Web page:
Right to stay – the next step

Today I finally got to hand in my application for a carte de séjour permanent.  This is the dossier I painstakingly prepared in July and mistakenly took to the Préfecture of the Gard, in Nimes, on 6th October rather than 6th December. Off I set again – before dawn, but this time on the right day.

The Gilets Jaunes were out at various roundabouts on the way to Nimes and outside the huge and unappealing Préfecture building.  So I had to present my passport, explain my business, before being let in though a narrow opening of a side gate, with gendarmes and prefecture staff controlling all movements.

Inside, the Accueil des Etrangers was cordoned off from the rest of the Prefecture.  It was packed with foreigners, several clearly asylum seekers. But unlike my earlier visits in those first years that we were living here, the atmosphere was  business-like but perfectly friendly – non of that xenophobic surliness that I remembered.  And instead of one dark room with a bullet-proof grille through which one talked, there was a large waiting room, reminiscent of British benefit offices, with six reception desks.

I was summoned to desk C and  handed my dossier to the  official.  I felt like a smug schoolgirl when he commented on how well organised it was, unlike some of the documents they receive.  I had divided the documentation required into sections:

  • The actual application form, including a a statement on my reasons for wanting to stay in France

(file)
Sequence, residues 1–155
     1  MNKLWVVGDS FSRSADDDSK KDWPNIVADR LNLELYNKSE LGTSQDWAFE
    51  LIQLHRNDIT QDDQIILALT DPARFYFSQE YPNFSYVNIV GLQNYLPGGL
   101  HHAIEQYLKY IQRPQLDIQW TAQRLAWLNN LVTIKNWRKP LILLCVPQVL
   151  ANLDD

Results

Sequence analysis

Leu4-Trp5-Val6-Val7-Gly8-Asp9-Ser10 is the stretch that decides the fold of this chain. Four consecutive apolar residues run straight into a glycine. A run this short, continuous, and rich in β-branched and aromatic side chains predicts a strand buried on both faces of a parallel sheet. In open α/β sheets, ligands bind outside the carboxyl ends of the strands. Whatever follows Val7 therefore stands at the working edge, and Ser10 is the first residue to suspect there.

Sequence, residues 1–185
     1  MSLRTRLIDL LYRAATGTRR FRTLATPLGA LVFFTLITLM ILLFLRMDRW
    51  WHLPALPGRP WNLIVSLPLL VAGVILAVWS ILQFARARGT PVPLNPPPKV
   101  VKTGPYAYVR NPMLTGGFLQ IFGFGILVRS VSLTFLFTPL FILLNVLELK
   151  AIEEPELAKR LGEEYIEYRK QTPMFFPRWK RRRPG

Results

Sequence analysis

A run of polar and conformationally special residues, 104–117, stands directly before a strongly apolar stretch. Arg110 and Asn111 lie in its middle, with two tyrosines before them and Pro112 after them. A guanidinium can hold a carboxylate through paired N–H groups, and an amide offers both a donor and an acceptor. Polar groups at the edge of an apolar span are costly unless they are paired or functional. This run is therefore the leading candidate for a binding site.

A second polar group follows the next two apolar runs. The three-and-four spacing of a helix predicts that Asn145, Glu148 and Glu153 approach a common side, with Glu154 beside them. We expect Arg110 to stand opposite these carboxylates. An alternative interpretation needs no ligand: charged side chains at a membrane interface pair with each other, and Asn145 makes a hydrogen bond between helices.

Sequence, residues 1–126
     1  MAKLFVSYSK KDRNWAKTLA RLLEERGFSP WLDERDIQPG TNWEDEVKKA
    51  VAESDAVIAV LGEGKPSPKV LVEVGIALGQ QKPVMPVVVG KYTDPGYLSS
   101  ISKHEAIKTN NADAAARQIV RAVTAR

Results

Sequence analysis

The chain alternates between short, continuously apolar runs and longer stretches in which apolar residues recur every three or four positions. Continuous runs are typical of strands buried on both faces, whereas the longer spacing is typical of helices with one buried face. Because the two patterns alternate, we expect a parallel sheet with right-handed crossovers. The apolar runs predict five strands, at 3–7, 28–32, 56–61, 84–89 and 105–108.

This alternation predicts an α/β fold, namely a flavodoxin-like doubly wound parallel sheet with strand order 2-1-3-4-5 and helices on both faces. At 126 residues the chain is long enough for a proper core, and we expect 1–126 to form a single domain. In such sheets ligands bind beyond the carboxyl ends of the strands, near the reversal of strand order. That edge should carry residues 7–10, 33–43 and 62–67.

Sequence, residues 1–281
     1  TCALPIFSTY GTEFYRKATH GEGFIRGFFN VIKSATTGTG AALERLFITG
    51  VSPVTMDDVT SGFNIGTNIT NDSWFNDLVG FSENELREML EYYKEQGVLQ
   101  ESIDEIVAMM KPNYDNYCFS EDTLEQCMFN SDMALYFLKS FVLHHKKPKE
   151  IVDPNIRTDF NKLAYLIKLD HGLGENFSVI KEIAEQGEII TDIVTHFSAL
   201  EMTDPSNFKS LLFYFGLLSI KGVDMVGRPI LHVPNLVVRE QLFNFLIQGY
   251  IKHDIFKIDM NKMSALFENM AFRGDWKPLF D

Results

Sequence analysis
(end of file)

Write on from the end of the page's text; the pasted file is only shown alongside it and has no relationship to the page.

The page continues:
• Proof of identity – passport birth certificate etc
  • Proof of domicile – official statements from the mairie and my notaire.  I had collected these, though not specifically asked for, and they turned out to be useful.
  • Proof I have been living here continuously for at least five years – my laboriously collated electricity and phone bills
  • Proof of income – my equally laboriously produced spreadsheet (in sterling and euros) of all income, which of course fluctuates with the exchange rate, pension documents, five years of bank statements and a statement explaining the complication of the fiscal year being different in the two countries.
  • Proof I have been paying my income tax – five years worth of statements from the tax office

I list all of this not to show off but to demonstrate that applying for the right to stay here permanently is a serious business.  In the waiting room there were dire warnings that any incomplete dossiers would be rejected.

Enough to scare anybody away. But my official was very pleasant.  As he painstakingly checked the voluminous file, took my finger prints and asked for further information, the atmosphere was relaxed, and on finding I had lived in Edinburgh, he waxed enthusiastic about Scotland. His degree had been in English and he once spent a happy nine months, based in Glasgow. He had been unable to find a job using his degree and so had ended up in administration. I trust they will make good use of someone fluent in another language, I said encouragingly.  Not a chance, he replied, they don’t care two hoots. Ils s’en foutent.

I watched the official stick one of my passport photos onto what looked promisingly like a carte de séjour.  But then he stuck it into the dossier.  When might I hear the outcome of my application, I asked. In a couple of months, he replied, as the dossier has to be OK’d by a pyramid of officials. It was clear he was not impressed by this.

So, here’s hoping that by the end of February at the latest I should get my carte de séjour.

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